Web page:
The World Today for October 23, 2017




Socialists rose to power in Latin America in the 1990s and 2000s as the region’s economy took off. The phenomenon was called the “pink tide.”

Now, that tide might be ebbing. Growth has sputtered throughout Latin America. That’s put pressure on socialist leaders and movements as they’ve tried to remain in power – a spate of big elections in the next year could jumble the political landscape of the region.

Argentina, Chile, Colombia, Mexico and Brazil will all hold important elections before October 2018 – beginning with Argentina’s mid-term legislative vote this weekend, the Americas Quarterly noted. All could give socialism a lift, or reverse the socialist agenda that many have been pursuing for years.

In Argentina, the question for voters was whether to endorse the agenda of President Mauricio Macri – the kind of politician who receives a hearty endorsement from the Economist – or put more rightwing socialist Peronists in the National Congress.

Macri’s conservative Cambiemos coalition made gains in both legislative houses, winning about 40 percent of the vote compared with 30 percent for the Front for Victory coalition, led by former president Cristina Fernandez, Telesur reported.

November’s elections in Chile are also viewed as a test for the pink tide. Former Chilean President Sebastián Piñera is running a strong campaign against incumbent Michelle Bachelet, a socialist. The Financial Times described Piñera as a billionaire who owns an airline, television station and Chile’s top soccer team.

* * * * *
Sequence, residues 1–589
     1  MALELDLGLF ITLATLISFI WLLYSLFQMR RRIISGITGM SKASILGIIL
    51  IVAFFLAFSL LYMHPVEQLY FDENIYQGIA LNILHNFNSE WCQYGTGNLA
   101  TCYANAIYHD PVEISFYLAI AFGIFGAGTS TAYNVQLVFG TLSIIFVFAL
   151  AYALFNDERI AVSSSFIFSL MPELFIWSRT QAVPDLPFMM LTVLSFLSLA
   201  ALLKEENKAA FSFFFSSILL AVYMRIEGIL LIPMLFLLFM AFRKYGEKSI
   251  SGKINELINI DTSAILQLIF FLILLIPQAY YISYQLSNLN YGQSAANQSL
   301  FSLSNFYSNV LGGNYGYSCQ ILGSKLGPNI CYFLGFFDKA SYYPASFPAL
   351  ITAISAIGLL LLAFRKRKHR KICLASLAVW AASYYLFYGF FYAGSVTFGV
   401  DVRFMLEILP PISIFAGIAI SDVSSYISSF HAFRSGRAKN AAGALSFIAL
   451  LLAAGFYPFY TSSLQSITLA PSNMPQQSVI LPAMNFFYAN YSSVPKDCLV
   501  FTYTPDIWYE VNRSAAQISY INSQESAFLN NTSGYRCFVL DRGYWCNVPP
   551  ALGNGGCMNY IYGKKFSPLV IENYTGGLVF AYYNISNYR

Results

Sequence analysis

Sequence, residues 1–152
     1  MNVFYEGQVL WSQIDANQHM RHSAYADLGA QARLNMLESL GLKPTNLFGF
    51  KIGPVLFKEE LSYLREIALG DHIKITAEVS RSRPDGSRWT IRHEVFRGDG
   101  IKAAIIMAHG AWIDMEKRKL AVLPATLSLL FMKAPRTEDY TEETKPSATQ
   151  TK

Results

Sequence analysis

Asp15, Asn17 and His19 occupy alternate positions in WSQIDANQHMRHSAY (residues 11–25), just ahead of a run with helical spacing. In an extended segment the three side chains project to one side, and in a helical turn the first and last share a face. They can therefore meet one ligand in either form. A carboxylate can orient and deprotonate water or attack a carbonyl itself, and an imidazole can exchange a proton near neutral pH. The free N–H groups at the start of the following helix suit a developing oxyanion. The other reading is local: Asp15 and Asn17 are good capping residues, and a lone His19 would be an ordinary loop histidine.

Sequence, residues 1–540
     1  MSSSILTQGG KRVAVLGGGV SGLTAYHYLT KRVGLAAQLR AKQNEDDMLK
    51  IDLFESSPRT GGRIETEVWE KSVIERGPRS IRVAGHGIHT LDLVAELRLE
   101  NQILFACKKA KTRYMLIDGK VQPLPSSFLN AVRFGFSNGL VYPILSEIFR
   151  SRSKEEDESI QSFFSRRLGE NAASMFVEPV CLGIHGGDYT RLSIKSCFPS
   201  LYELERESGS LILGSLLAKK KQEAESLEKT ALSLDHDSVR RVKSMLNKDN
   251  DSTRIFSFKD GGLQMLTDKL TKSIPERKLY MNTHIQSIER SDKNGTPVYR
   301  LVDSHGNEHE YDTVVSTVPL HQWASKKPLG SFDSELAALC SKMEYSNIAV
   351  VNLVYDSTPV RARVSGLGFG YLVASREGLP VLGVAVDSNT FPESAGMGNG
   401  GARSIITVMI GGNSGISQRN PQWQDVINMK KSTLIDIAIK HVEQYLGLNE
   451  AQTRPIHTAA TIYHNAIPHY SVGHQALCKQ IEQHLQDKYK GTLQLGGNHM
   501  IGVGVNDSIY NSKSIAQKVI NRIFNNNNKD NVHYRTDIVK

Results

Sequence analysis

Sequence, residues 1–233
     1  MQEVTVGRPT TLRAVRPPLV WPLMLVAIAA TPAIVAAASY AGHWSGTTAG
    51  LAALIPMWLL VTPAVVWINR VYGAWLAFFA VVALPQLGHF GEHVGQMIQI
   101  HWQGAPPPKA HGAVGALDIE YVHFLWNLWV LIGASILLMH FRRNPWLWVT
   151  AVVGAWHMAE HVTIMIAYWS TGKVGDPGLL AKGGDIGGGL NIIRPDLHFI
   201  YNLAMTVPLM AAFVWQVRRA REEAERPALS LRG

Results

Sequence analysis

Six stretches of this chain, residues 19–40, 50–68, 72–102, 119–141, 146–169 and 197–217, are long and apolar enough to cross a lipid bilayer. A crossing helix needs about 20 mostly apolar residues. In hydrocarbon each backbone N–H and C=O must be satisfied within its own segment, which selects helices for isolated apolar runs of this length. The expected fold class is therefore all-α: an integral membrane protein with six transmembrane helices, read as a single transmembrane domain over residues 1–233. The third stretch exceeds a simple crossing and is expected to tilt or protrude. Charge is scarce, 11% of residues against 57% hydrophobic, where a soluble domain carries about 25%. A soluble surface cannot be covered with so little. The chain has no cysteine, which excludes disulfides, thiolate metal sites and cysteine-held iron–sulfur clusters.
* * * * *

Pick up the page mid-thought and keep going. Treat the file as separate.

At stake is the future of democracy, the Miami Herald wrote, because the elections occur in a “climate of disenchantment with democracy” and “growing anger” over mainstream politicians’ failure to reduce crime and corruption. The fear is that voters might scrap democracy altogether if elected politicians – socialists or not – can’t improve their lives.

The Oct. 16 local elections in Venezuela showed why voting matters. Embattled Socialist President Nicolás Maduro claimed victory for his supporters in the vote, declaring it a win for “Chavismo,” an allusion to Hugo Chávez, the leftwing ex-president who founded the party.

But the BBC reported that opposition parties claimed Maduro had committed voter fraud. The United States called the vote neither “free nor fair.”

Failing to anticipate plummeting oil prices, Maduro plunged the Venezuelan economy into chaos as his bloated government payroll became too expensive to maintain. Store shelves have gone empty, hunger is rampant and human rights groups have charged Maduro and members of his regime of committing civil and human rights abuses to maintain their grip on power.

Logic has been among their victims.

“It sounds like a joke, but Maduro claims to have won 80 percent of the governorships in a clean election, despite the fact that virtually all polls show that 80 percent of Venezuelans want him to leave office,” wrote the Miami Herald.



Gambling Man

Japanese Prime Minister Shinzo Abe won a landslide victory in parliamentary polls Sunday, though counting was delayed by a typhoon.

Proving that a gamble on snap polls was a wise one, Abe won a two-thirds majority in the lower house, facilitating his bid to revise the country’s pacifist constitution, the New York Times reported.

On Sunday evening, Abe reiterated his earlier calls for the constitution to be amended to remove any doubt about the military’s legitimacy. Such a move requires a two-thirds majority in both houses. While Abe had those numbers before the snap polls, his other political woes had prevented him from taking the plunge. He must now also persuade ordinary voters, as a constitutional change also requires the approval of a majority of the electorate.